For simplicity, we take a different approach here. What we do is the following:

  1. Running 20 repetitions of this simulation study;

  2. Using these 20 repetitions to estimate empirical standard errors and average model-based standard errors, for each estimand, and taking the largest value (denoted with \(\xi\));

  3. Using the value that was just estimated to estimate how many repetitions would be needed to constrain Monte Carlo error to be less than 0.01, using the formula nsim = \(\xi / (0.01^2)\);

  4. Rounding up the value of nsim to the nearest 100, to be conservative.

nsim was finally estimated to be 1700, in this case, given \(\xi \approx 0.1607\).


At last, here are the results of this simulation study.

First, we assess whether all Monte Carlo errors for bias are below the threshold of 0.01. The plot below shows that the number of repetitions of this simulation study was enough to constrain Monte Carlo error within what we deemed acceptable.

Monte Carlo standard errors for all estimands, to assess convergence.

Note that (Intercept) corresponds to \(\beta_0\), trt corresponds to \(\beta_1\), time corresponds to \(\beta_2\), and trt:time corresponds to \(\beta_3\). Unsurprisingly, sd__(Intercept) represents the standard deviation of the random intercept, \(\sigma_{b_0}\).

Second, we study bias for the fixed effects (e.g., the regression coefficients of the GLMM). The following plot depicts bias with 95% confidence intervals (based on Monte Carlo standard errors) for all fixed effects and across all integration methods:

Bias, fixed effects.

This shows that the fast-but-approximate method yields biased results, and that so does the Laplace approximation (in these settings, and except for the treatment by time interaction term). Overall, this shows that a larger number of points for the adaptive quadrature (e.g., 10) is required to obtain unbiased results for all regression coefficients.

Finally, the next plot shows bias for the standard deviation of the random intercept:

Bias, variance components.

Again, we can see that a larger number of quadrature points is required to get a good approximation with no bias.

Another thing that is interesting to study here is estimation time. As mentioned many times before, the larger the number of quadrature points the greater the accuracy, at the cost of additional computational complexity. But how much overhead do we have in these settings?

I’m glad you asked: the following plot depicts the distribution of estimation times for each GLMMs under each integration approach:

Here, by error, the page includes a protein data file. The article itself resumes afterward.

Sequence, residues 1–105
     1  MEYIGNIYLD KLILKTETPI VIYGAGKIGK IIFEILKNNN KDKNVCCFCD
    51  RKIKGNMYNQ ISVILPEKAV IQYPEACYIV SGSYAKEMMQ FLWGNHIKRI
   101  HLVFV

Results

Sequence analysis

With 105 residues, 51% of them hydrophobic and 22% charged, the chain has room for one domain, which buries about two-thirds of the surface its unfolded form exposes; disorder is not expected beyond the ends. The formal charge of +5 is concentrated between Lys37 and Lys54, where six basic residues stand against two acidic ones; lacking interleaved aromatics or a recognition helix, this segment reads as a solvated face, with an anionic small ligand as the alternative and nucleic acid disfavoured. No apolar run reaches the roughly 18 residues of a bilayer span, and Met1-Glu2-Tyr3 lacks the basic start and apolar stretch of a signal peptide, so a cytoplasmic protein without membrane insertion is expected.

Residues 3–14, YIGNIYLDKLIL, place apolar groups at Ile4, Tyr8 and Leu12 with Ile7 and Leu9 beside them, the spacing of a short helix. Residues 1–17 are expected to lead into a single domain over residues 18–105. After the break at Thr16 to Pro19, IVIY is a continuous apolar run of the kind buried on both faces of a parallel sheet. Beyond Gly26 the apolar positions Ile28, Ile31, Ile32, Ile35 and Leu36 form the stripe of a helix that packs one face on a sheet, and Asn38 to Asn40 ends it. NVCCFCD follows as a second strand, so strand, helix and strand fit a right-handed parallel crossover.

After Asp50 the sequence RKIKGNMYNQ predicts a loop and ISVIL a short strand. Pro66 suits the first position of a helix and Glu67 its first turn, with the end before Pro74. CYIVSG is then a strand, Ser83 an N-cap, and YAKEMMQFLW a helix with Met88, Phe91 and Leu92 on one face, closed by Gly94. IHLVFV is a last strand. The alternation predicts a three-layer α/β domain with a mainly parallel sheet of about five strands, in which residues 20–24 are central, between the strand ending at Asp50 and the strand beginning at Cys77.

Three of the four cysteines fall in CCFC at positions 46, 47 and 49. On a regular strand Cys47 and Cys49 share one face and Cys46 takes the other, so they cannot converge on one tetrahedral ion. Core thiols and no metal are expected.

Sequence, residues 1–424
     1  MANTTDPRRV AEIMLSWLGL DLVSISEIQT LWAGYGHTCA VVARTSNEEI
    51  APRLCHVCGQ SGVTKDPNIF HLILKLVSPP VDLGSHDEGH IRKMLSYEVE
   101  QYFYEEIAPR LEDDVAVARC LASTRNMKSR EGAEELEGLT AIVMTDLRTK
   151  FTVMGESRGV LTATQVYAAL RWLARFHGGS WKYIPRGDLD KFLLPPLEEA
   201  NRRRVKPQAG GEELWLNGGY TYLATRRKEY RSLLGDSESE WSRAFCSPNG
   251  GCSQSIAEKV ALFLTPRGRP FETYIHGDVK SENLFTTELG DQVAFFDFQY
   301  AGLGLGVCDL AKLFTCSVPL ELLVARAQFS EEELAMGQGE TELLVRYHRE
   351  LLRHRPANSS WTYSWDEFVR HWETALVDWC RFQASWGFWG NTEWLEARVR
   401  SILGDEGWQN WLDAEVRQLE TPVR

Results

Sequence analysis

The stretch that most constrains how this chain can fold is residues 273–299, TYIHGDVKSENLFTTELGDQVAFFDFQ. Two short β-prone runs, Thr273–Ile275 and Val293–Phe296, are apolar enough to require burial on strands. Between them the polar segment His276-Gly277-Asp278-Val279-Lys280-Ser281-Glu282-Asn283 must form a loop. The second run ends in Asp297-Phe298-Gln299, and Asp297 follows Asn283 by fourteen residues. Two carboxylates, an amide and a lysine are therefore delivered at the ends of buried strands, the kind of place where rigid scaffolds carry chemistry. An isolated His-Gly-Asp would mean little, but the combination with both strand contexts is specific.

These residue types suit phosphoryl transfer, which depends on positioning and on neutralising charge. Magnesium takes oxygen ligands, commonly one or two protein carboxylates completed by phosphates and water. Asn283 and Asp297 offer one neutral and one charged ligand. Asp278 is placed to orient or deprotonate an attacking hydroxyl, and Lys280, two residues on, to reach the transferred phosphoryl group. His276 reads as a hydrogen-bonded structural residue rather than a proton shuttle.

Time it took to fit the models.

The first thing to note is that the fast-but-approximate method is actually really fast! Second, and as expected, with more quadrature points the median estimation time was also larger. No surprises so far. Overall, though, glmer() seemed to be really fast in the settings, with estimation times rarely exceeding 25 seconds.

An actual example

Before we wrap up, let’s compare the different methods in practice by analysing a real dataset. For this, we use data from the 1989 Bangladesh fertility survey, which can be obtained directly from Stata:


bangladesh <- read_dta("")
Rows: 1,934
Columns: 8
$ district <dbl> 1, 1, 1, 1, 1, 1, 1, 1, 1, 1, 1, 1, 1, 1, 1, 1, 1, 1, 1, 1, 1…
$ c_use    <dbl+lbl> 0, 0, 0, 0, 0, 0, 0, 0, 0, 0, 1, 0, 0, 0, 0, 1, 0, 1, 1, …
$ urban    <dbl+lbl> 1, 1, 1, 1, 1, 1, 1, 1, 1, 1, 1, 1, 1, 1, 1, 1, 1, 1, 1, …
$ age      <dbl> 18.440001, -5.559990, 1.440001, 8.440001, -13.559900, -11.559…
$ child1   <dbl> 0, 0, 0, 0, 0, 0, 0, 0, 1, 0, 0, 0, 1, 0, 0, 0, 0, 0, 1, 0, 0…
$ child2   <dbl> 0, 0, 1, 0, 0, 0, 0, 0, 0, 0, 0, 0, 0, 0, 0, 0, 0, 0, 0, 1, 0…
$ child3   <dbl> 1, 0, 0, 1, 0, 0, 1, 1, 0, 1, 0, 0, 0, 1, 1, 1, 0, 1, 0, 0, 0…
$ children <dbl+lbl> 3, 0, 2, 3, 0, 0, 3, 3, 1, 3, 0, 0, 1, 3, 3, 3, 0, 3, 1, …

We will fit a GLMM model for a binary outcome trying to study contraceptive use by urban residence, age and number of children; we also include a random intercept by district.

For illustration purposes, we fit three models:

  1. GLMM estimated with the fast-but-approximate (nAGQ = 0) approach;

  2. GLMM estimated with the Laplace approximation (nAGQ = 1);

  3. GLMM estimated with adaptive Gauss-Hermite quadrature using 50 points (nAGQ = 50).

The models can be fit with the following code:


f.0 <- glmer(c_use ~ urban + age + child1 + child2 + child3 + (1 | district), family = binomial(), data = bangladesh, nAGQ = 0)